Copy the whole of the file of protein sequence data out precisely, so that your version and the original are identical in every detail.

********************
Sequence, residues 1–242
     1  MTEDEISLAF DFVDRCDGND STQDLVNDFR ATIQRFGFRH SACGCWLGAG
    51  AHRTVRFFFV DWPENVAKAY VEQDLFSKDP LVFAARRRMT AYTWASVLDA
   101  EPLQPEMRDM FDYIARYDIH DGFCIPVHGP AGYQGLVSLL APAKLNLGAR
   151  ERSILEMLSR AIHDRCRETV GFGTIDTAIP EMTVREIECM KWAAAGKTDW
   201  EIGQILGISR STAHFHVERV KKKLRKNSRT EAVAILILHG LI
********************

Sequence, residues 1–242
     1  MTEDEISLAF DFVDRCDGND STQDLVNDFR ATIQRFGFRH SACGCWLGAG
    51  AHRTVRFFFV DWPENVAKAY VEQDLFSKDP LVFAARRRMT AYTWASVLDA
   101  EPLQPEMRDM FDYIARYDIH DGFCIPVHGP AGYQGLVSLL APAKLNLGAR
   151  ERSILEMLSR AIHDRCRETV GFGTIDTAIP EMTVREIECM KWAAAGKTDW
   201  EIGQILGISR STAHFHVERV KKKLRKNSRT EAVAILILHG LI